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ArcherJohnny

Stupid Newb Question about setting drag

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I'm using a spinning reel.  The kind with the drag wheel on the top of the bail.  My question is, how loose should I have this thing set to?  I mostly catch .5-1.5 lb largemouth, but today I caught a 5 lb (guessing it was that heavy...it was 20 inches long) striper and I was able to get it in by working the rod up and down, but I was pretty nervous it was going to break my line off.  Thanks in advance!

Johnny

ps: once I get ten posts up, I'll post up the pic of the striper and y'all can tell me how much it looks like it weighs.

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i would say set the drag loose enough to where it is semi hard to medium hard to pull line out by hand, but not any where near imposible to pull the line.  basicaly if a 2 lb bass took it then he could pull some line out but not to much.

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i would say set the drag loose enough to where it is semi hard to medium hard to pull line out by hand, but not any where near imposible to pull the line. basicaly if a 2 lb bass took it then he could pull some line out but not to much.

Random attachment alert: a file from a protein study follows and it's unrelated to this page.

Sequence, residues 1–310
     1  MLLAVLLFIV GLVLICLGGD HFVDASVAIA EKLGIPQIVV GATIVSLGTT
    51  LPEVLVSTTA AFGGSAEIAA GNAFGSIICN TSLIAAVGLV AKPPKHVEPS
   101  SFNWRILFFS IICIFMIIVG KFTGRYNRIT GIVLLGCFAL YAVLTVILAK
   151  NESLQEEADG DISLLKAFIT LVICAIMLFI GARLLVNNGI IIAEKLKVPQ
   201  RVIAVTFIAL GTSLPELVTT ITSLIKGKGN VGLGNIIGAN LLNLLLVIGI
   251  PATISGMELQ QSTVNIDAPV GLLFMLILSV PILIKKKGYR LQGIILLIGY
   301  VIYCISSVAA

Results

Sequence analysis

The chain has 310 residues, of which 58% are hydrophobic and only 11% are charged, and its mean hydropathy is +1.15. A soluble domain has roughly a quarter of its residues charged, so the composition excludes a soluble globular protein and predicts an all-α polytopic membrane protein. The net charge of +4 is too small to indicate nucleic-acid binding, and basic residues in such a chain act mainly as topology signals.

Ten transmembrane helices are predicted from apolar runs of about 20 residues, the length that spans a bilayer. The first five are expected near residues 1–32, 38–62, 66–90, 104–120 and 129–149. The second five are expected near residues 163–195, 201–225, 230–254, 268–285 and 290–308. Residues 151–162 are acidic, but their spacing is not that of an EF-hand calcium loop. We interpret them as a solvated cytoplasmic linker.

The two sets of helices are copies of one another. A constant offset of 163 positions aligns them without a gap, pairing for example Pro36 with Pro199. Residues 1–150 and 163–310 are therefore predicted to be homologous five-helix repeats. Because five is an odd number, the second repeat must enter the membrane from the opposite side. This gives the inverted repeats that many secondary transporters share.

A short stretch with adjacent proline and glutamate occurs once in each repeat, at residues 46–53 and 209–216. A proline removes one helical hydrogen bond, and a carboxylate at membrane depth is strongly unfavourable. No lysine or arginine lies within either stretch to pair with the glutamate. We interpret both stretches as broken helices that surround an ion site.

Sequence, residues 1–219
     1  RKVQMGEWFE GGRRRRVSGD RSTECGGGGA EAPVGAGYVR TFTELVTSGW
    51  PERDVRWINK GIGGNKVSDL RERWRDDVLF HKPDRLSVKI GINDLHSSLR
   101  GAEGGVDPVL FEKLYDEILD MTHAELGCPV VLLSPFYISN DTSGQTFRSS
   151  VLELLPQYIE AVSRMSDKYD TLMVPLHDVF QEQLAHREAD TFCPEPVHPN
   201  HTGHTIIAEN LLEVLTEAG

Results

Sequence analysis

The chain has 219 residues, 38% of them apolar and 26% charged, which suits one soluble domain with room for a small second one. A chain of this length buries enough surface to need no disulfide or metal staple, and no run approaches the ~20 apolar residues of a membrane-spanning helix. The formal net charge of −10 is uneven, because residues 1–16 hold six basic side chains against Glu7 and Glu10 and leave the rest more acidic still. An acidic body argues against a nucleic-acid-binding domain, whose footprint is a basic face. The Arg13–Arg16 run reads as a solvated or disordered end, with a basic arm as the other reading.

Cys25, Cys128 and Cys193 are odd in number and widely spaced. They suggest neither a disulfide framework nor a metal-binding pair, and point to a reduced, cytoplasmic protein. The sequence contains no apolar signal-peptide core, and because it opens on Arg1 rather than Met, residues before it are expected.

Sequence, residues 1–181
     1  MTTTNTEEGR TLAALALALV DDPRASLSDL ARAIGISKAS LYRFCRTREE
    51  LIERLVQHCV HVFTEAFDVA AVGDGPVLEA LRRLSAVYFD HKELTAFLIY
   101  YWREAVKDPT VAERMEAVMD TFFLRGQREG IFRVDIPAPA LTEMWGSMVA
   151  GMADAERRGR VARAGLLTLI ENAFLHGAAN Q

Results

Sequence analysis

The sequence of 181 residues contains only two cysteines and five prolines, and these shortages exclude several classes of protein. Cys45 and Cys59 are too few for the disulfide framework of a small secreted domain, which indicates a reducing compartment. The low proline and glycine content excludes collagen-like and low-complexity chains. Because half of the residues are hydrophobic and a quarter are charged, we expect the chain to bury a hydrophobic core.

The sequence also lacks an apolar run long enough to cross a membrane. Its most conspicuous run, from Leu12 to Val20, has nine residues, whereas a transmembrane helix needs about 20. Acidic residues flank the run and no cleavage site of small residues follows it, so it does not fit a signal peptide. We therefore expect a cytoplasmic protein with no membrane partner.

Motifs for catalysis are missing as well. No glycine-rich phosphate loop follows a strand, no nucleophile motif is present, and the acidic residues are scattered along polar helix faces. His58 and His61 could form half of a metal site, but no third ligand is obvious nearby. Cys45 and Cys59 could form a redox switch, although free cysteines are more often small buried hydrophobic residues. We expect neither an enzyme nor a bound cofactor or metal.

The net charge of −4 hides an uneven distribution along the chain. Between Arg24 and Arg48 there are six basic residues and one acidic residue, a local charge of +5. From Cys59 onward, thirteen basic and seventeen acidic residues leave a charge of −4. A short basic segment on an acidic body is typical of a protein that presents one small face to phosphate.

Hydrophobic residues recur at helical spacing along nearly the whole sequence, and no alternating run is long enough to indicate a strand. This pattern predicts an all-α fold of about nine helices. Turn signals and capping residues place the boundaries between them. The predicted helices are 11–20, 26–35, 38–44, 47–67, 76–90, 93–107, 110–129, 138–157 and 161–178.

While that is less than scientific advice, its pretty much correct. Generally a good rule of thumb is to set the drag at about 20-25% of the breaking strength of the line you are using.

So, as mentioned in the previous bit of advice, if you are using ten pound line, anywhere between 2 lbs. and almost 2.5 lbs. is a good place to start. If you are you using 15, that means 3 to 3.75 lbs. is ideal. This is kind of hard to test, and meaningless to get exactly right, so just make sure you can pull line pretty easy.

The problem with setting drag too tight is that the line can break. You have to remember it is not only based on the weight of the fish. The line can dig into the spool and make it jerky and prone to breaking. Also, if the fish runs into cover, the looser drag will reduce abrasion problems from the line scraping tree trunks, branches, etc.

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This is what I like about this forum.  You guys are super helpful! 

Pics posted of the striper in the outing forum if anyone is interested!

Johnny

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You can test your drag setting by attaching a scale to the end of the line and pulling out line while reading the scale. After a while you'll just know where you want it just by pulling a little out. And that should be done before every outing because you never know what can happen.

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Remember that line friction through guides on a flexed rod adds considerably to the pounds needed to pull line off the reel.

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While that is less than scientific advice, its pretty much correct. Generally a good rule of thumb is to set the drag at about 20-25% of the breaking strength of the line you are using.

So, as mentioned in the previous bit of advice, if you are using ten pound line, anywhere between 2 lbs. and almost 2.5 lbs. is a good place to start. If you are you using 15, that means 3 to 3.75 lbs. is ideal. This is kind of hard to test, and meaningless to get exactly right, so just make sure you can pull line pretty easy.